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You Wore What?? Military Fashion Do’s and Don’ts

Heidi Evans
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tagged: fashion, protocol
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Military spouses are often required to attend events that have no equal in civilian life—things like a ball, military homecoming, change of command, or ship christening. There was a time when official protocol classes guided military spouses. But relaxed standards leave a lot of gray areas and, often leave spouses in the dark.

“We have all been there, because we’ve all worn the wrong outfit at least once,” laughed Gretchen Sopko, military wife of 26 years to Army Col. Rance Sopko. Her time as a military spouse began in the 1960s, back in the protocol class era. In the years that standards were changing and relaxing significantly, Gretchen met not one, but two European queens. She also attended everything from casual picnics to highly ceremonial dinners, often struggling to choose the right outfit for the occasion.

She still recalls one grave error at a German Cavalry Regimental Change of Command. She dressed for the cold snowy day in an elegant, warm suit and formal coat. Unfortunately, she chose to wear high-heeled, Aigner leather boots. 

“They were gorgeous,” she remembers, “but, oh, did they hurt.”

During the ceremony her feet numbed, and when the parade ended, she couldn’t walk to the car.  To her embarrassment, her husband carried her!

LEARN FROM HER EXPERIENCE

Sopko picked up several key tricks that stand the test of time, most importantly the Golden Rules of Military Fashion: Always check for a dress code. If you have questions, ask the hostess.

She says wives can save money by owning a set of classic, interchangeable pieces: a black skirt, jacket, pants and dress shoes. Find ensembles that can be dressed up or down with shoes and jewelry. And borrow from friends when you need to.

From more recent years, we offer these notes from the Fashion Front:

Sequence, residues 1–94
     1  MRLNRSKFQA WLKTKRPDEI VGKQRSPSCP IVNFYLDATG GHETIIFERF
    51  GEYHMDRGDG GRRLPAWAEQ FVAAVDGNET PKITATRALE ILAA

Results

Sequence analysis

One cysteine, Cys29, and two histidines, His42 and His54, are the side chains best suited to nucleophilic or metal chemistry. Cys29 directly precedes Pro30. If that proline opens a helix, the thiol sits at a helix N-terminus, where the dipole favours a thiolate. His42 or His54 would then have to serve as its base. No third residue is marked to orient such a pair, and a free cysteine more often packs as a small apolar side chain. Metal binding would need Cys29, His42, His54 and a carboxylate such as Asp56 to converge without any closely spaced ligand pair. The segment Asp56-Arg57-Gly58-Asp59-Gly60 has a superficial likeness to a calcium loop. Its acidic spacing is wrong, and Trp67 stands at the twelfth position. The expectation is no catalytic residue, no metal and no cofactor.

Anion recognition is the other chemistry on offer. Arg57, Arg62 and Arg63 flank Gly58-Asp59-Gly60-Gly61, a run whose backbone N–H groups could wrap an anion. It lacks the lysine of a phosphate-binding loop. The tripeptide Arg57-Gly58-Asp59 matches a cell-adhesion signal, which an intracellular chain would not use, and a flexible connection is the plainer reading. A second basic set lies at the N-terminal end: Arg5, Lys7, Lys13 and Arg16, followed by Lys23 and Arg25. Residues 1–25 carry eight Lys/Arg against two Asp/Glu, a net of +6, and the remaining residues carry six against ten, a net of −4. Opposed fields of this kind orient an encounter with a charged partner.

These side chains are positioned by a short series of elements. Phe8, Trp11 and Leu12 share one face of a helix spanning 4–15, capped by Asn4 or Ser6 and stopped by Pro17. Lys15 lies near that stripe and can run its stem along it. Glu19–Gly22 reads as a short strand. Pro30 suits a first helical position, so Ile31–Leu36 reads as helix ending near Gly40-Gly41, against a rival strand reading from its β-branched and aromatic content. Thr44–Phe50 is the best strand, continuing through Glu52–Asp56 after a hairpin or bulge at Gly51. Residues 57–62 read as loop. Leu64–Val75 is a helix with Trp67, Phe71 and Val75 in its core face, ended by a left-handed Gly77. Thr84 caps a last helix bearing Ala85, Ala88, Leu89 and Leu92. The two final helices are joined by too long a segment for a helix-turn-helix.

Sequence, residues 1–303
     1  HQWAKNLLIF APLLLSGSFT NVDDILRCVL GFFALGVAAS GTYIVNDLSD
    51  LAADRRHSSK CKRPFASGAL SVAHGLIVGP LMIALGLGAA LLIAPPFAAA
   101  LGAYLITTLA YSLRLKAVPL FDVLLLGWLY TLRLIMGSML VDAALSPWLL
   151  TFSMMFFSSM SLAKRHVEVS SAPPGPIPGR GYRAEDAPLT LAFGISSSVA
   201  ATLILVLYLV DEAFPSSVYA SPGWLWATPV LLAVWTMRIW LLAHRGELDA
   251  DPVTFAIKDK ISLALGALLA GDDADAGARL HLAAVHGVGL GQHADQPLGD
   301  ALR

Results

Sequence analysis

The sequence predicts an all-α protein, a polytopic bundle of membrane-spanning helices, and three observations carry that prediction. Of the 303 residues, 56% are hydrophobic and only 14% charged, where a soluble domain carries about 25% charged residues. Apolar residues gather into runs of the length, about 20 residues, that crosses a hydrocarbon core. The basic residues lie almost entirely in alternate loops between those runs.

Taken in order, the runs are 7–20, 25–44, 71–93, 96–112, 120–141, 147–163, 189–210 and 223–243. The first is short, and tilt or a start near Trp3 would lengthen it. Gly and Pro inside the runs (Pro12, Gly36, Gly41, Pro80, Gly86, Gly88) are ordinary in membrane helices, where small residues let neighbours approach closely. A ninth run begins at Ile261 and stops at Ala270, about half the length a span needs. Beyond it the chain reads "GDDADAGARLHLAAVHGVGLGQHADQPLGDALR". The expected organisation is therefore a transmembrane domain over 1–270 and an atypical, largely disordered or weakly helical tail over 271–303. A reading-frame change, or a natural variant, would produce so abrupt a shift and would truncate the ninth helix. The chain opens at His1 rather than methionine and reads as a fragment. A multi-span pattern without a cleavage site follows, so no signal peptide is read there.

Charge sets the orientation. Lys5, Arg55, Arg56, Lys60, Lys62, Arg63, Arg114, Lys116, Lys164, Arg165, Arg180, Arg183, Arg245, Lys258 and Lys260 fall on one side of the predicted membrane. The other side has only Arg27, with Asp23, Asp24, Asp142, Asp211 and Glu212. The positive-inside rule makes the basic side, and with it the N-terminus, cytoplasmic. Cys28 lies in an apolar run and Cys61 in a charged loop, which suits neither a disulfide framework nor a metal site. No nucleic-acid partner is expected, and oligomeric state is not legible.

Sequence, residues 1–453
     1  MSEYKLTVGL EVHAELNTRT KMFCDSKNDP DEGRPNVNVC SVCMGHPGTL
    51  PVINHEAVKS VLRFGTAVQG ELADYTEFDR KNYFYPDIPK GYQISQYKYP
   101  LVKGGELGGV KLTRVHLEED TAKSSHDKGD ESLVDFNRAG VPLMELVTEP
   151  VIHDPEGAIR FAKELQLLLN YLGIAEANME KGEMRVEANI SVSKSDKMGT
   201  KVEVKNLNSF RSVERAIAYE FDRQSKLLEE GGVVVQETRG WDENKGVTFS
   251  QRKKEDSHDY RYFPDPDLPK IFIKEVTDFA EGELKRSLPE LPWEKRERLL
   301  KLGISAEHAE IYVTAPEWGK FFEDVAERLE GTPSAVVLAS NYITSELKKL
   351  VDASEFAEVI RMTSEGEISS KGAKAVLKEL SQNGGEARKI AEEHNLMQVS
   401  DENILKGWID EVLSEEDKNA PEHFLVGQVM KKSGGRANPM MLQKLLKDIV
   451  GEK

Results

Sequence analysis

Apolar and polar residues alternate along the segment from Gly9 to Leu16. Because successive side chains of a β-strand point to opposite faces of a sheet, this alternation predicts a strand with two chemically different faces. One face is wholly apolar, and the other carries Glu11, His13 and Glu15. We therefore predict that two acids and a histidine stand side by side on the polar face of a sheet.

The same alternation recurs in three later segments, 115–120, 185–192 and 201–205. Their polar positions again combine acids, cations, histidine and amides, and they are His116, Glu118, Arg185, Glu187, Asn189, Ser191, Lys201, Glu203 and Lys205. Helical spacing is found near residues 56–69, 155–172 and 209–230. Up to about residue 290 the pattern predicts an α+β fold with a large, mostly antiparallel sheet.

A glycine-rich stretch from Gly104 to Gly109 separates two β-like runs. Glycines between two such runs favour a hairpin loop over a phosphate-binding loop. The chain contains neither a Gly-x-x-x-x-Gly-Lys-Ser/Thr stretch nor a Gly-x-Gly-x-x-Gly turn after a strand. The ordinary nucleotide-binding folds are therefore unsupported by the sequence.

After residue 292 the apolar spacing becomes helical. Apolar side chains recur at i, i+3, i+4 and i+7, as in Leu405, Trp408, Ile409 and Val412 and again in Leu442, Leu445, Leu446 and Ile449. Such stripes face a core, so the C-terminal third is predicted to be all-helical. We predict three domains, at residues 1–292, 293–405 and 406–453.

·         Skip the skirt if you might climb onto or into a military vehicle or ship. During tours, ladders and stairs are manned, typically by random members of the crew. Often, they will stand at the bottom and look straight up to guide you. Don’t give them an inappropriate view.

·         Avoid stilettos and super-high heels. You will often need to stand reverently while flags and people parade. Military events can be located outdoors on grassy fields or in industrial work areas. You may need to climb bleachers. You don’t want to aerate the grass or struggle to walk.

·         Consider the weather for outdoor events. It’s hard to look proud when you are shivering or sweating profusely. If needed, borrow a great formal coat or stylish hat.

·         Know the dress code. Ask, “What is my spouse wearing?” “How many high ranking officials are going to be there?” “What are other spouses wearing?” If you’re confused (for example, if the dress code is “Crisp Aloha”), call those in charge and ask. This is doubly true in a foreign country or unfamiliar culture.

·         Avoid elaborate undergarments. This is especially important for a deployment homecoming. Military events are very hurry-up-and-wait affairs. You might run to catch a bus, and then stand in a hall for two hours. Both activities can lead to chafing. Plus, despite your fantasies, reunion sex is notoriously awkward. Don’t make it complicated. Opt for matching, silky, supportive and stretchy. Before a ball, always give underthings a dry run at home with your outfit.

·         Opt for elegant over sexy. Remember: This is a work event for your spouse. You can plunge the cleavage and raise the slit on a personal date, but not while you’re meeting your spouse’s boss and co-workers.

·         Carry an emergency kit. Just in case, stock your purse with an extra set of stockings, clear nail polish, safety pins, and clear deodorant. 


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